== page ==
CHARLESTON, W.Va. – A judge sentenced former coal executive Don Blankenship to a year in prison Wednesday for his role in the deadliest U.S. mine explosion in four decades, saying he was part of a "dangerous conspiracy."
One day after the sixth anniversary of the Upper Big Branch Mine explosion, which killed 29 men, U.S. District Judge Irene Berger gave the ex-Massey Energy CEO the maximum prison time and fine of $250,000. A federal jury convicted Blankenship on Dec. 3 of a misdemeanor conspiracy to violate mine safety standards at Upper Big Branch.
Blankenship spoke briefly during the sentencing hearing and said he wanted to reassure the families of the fallen miners that they were "great guys, great coal miners." The main point he wanted to express, he said, was "sorrow to the families and everyone about what happened."
In his next breath, he denied culpability.
"It is important to everyone that you know that I'm not guilty of a crime," Blankenship said.
Blankenship's attorneys contended he should receive probation and a fine, at most. The judge denied their motion for Blankenship to remain free as he appeals. It's not clear when he must report to prison.
As Blankenship left the courthouse, a few family members of miners who were killed started yelling at him while he and his attorneys spoke with reporters.
"We buried our kid because of you," said Robert Atkins, whose son Jason died in the explosion. "That's all I got is a goddamn tombstone."
Asked by a reporter what he had to say to the shouting family members, Blankenship said: "Well, just that the coal miners didn't cause the accident."
Then about a half-dozen law enforcement officers surrounded Blankenship and his team and ushered them into an awaiting van.
Four investigations found worn and broken cutting equipment created a spark that ignited accumulations of coal dust and methane gas. Broken and clogged water sprayers then allowed what should have been a minor flare-up to become an inferno.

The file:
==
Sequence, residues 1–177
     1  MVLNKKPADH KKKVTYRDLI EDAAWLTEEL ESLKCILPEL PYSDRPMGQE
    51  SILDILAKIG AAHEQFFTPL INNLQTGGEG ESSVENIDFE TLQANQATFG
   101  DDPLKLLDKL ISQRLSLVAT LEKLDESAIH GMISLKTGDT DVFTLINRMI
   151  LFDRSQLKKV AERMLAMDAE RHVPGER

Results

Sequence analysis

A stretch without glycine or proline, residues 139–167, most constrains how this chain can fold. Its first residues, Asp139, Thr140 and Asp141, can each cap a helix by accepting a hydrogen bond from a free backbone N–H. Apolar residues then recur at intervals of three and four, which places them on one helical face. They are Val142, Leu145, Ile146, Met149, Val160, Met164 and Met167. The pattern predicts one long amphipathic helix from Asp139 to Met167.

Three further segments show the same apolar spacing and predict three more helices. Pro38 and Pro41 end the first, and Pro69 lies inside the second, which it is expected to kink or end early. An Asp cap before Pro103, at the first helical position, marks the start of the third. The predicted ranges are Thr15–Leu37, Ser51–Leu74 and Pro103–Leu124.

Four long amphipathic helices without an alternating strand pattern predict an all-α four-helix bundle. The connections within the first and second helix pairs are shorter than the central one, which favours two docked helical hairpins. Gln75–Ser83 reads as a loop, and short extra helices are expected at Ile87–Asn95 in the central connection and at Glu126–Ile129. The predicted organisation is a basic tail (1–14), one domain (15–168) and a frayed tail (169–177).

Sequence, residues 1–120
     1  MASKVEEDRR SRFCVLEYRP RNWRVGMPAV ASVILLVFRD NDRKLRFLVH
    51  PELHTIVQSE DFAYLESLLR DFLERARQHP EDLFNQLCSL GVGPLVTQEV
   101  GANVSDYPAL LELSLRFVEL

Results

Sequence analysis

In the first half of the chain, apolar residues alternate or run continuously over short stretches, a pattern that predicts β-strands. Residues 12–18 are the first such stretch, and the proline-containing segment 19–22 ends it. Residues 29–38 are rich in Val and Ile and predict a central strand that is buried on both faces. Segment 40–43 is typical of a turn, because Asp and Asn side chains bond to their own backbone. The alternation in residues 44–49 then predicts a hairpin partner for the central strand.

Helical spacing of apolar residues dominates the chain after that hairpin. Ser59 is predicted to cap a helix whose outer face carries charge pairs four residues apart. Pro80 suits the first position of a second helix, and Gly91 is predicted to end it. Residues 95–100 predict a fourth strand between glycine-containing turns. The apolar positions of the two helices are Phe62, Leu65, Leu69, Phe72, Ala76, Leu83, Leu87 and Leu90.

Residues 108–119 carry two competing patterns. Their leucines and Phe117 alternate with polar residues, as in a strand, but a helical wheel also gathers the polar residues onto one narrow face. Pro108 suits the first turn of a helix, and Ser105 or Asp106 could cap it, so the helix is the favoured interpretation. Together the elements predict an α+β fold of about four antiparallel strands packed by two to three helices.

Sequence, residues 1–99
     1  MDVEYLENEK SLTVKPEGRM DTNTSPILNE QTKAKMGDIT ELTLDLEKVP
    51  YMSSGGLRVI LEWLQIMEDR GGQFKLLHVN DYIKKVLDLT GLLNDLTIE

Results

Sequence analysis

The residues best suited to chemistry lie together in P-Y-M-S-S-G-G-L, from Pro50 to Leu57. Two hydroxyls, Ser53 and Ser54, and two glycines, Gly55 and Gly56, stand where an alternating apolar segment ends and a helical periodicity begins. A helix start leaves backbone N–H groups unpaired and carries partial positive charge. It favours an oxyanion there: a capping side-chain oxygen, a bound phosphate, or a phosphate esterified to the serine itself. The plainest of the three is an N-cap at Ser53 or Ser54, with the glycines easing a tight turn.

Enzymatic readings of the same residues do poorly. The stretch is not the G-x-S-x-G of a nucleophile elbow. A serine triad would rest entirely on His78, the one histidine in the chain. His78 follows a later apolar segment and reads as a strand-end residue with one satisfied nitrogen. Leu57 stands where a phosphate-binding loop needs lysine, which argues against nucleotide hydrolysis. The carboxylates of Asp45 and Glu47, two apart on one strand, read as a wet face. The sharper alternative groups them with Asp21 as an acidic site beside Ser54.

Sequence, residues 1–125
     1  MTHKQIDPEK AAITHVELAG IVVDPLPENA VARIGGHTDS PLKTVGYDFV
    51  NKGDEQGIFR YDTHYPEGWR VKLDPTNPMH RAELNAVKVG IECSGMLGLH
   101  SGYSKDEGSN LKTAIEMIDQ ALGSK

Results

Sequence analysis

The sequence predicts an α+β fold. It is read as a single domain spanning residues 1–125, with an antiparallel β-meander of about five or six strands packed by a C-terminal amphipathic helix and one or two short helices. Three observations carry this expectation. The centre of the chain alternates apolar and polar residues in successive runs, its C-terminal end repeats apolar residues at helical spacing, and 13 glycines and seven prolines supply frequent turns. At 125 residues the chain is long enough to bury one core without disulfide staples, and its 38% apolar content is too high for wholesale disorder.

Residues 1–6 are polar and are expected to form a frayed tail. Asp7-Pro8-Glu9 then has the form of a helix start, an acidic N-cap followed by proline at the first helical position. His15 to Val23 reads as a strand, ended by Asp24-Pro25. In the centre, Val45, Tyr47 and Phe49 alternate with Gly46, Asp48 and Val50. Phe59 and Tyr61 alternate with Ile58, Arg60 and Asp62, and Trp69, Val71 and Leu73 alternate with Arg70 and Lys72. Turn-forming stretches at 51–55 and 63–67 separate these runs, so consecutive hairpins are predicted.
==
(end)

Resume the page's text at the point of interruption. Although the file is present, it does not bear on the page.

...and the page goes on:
Blankenship disputes those reports. He believes natural gas in the mine, and not methane gas and excess coal dust, was at the root of the explosion.
The sentence drew praise from U.S. Sen. Joe Manchin and the United Mine Workers of America, and capped a wide-spanning investigation into Massey following the explosion. Four other workers in the corporate chain were convicted of crimes including faking a foreman's license, lying to federal investigators and conspiring in an illegal scheme to warn miners and other subsidiaries of surprise safety inspections. Their sentences ranged from less than a year to more than three years in prison.
The judge described Blankenship's rise from a meager, single-mother Appalachian household to one of the wealthiest, most influential figures in the region and in the coal industry.
"Instead of being to be able to tout you as a success story, we are here as a result of your part in a dangerous conspiracy," she said.
During the trial, prosecutors called Blankenship a bullish micromanager who meddled in the smallest details of Upper Big Branch. They said Massey's safety programs were just a facade — never backed by more money to hire additional miners or take more time on safety tasks.
Blankenship was acquitted of felonies that could have stretched his sentence to 30 years.
On Wednesday, lead defense attorney William Taylor said the former U.S. attorney was "using this case as part of the reason to vote for him." Booth Goodwin left the office shortly after Blankenship's conviction to run for governor.
"Well, when all else fails, attack the prosecutor," Goodwin said after the sentencing.
In 2011, Alpha Natural Resources, which bought Massey after the explosion, agreed to pay $210 million to compensate grieving families, bankroll cutting-edge safety improvements and pay for years of violations by Massey Energy. Under the deal with federal prosecutors, Alpha wasn't criminally charged.
The judge already ruled that Blankenship won't have to pay $28 million in restitution to Alpha Natural Resources, helping him avoid a serious blow to his personal fortune. Berger also ruled that Blankenship would not have to pay restitution to about 100 people, including former miners and family members.